Objective: The aim of this study was to examine the fall predictive value of single-task walking tests and extent of interference observed in dual-task walking tests in ambulatory individuals post stroke. Design: This is an observational study with prospective cohort. Setting: The study was conducted at the university laboratory. Participants: A total of 91 community-dwelling individuals with chronic stroke participated in the study. Main outcome measures: Time required to complete a 10-m walk test with and without obstacle negotiation was measured in isolation and in conjunction with performance of a verbal fluency task (category naming). Fall incidence, circumstances, and related injuries were recorded by monthly telephone calls for 12 months. Results: A total of 91 individuals (mean (SD) age = 62.7 (8.3) years; mean (SD) post-stroke duration = 8.8 (5.3) years) participated in the study; 29 (32%) of them reported at least one fall during the follow-up period, with a total of 71 fall episodes. There was a significant difference in obstacle-crossing time under single-task (mean difference = 8.3 seconds) and dual-task (mean difference = 7.4 seconds) conditions, and also the degree of interference in mobility performance (increased dual-task obstacle-crossing time relative to the single-task obstacle-crossing time; mean difference = 3.3%) between the fallers and the non-fallers (P < 0.05). After adjusting for the effects of other relevant factors, a greater degree of interference in mobility performance remained significantly associated with a decreased risk of falling (adjusted odds ratio = 0.951, 95% CI = 0.907–0.997, P = 0.037). Conclusion: The degree of mobility interference during dual-task obstacle-crossing was the most effective in predicting falls among all the single-task and dual-task walking measure parameters tested. This simple dual-task walking assessment has potential clinical utility in identifying people post stroke at high risk of future falls.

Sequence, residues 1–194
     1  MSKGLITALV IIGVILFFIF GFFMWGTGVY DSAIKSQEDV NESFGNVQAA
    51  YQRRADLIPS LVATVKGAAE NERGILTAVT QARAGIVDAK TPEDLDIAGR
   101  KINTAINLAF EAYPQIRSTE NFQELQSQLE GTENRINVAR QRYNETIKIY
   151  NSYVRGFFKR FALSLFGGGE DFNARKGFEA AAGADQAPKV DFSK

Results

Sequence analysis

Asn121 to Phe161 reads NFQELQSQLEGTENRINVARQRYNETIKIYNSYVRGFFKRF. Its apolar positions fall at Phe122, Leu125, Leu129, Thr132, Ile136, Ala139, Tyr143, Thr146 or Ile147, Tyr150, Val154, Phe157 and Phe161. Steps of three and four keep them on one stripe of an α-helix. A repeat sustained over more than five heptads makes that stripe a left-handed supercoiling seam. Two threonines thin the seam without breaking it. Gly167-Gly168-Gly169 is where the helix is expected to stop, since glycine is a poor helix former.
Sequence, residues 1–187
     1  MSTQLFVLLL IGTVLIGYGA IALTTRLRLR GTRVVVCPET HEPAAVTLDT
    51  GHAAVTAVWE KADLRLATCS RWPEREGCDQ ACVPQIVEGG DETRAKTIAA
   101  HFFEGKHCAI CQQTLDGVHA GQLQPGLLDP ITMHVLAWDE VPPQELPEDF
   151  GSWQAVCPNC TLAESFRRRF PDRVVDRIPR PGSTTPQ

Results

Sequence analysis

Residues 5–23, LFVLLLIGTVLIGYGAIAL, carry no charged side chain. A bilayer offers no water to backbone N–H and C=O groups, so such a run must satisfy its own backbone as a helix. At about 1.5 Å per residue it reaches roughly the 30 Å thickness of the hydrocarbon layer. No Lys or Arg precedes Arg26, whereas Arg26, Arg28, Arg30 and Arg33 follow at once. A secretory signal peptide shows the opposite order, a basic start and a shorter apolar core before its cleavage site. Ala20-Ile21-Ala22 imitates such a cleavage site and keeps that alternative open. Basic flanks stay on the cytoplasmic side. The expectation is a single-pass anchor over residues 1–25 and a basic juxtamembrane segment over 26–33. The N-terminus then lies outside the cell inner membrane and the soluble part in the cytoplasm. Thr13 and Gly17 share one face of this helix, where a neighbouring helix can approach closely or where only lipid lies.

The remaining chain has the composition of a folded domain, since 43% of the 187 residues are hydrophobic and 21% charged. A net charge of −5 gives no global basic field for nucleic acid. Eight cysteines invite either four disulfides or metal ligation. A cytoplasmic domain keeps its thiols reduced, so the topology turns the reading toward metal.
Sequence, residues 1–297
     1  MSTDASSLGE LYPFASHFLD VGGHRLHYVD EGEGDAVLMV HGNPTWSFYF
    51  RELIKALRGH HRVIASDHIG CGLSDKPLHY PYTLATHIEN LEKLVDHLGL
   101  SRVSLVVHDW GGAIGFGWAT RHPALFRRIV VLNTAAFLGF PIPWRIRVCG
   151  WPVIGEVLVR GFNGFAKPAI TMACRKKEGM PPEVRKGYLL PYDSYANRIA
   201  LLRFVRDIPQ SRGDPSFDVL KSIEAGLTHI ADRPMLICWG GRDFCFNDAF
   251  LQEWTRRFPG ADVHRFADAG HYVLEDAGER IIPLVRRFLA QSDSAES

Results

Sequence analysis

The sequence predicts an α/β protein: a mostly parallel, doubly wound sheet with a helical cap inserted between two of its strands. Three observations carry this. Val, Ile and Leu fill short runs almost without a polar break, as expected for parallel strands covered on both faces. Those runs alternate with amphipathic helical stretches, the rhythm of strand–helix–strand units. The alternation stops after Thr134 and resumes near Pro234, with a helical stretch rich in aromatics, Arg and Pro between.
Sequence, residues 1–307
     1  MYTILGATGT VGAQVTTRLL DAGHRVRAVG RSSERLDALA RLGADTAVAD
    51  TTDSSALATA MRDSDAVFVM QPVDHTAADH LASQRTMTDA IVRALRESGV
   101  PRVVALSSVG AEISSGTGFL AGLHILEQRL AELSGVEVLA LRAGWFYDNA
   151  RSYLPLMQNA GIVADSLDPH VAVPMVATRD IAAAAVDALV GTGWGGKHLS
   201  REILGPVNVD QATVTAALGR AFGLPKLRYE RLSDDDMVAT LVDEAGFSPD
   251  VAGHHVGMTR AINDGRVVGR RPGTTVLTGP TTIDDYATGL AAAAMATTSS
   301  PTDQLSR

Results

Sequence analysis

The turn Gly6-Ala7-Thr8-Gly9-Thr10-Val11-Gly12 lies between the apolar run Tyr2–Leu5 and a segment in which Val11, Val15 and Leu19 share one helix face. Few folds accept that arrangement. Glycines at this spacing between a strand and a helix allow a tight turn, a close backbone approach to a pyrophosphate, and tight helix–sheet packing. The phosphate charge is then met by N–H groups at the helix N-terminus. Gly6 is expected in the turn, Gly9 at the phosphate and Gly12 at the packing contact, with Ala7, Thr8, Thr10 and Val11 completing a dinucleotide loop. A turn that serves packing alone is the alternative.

- Dual-task interference
ASJC Scopus subject areas
- Physical Therapy, Sports Therapy and Rehabilitation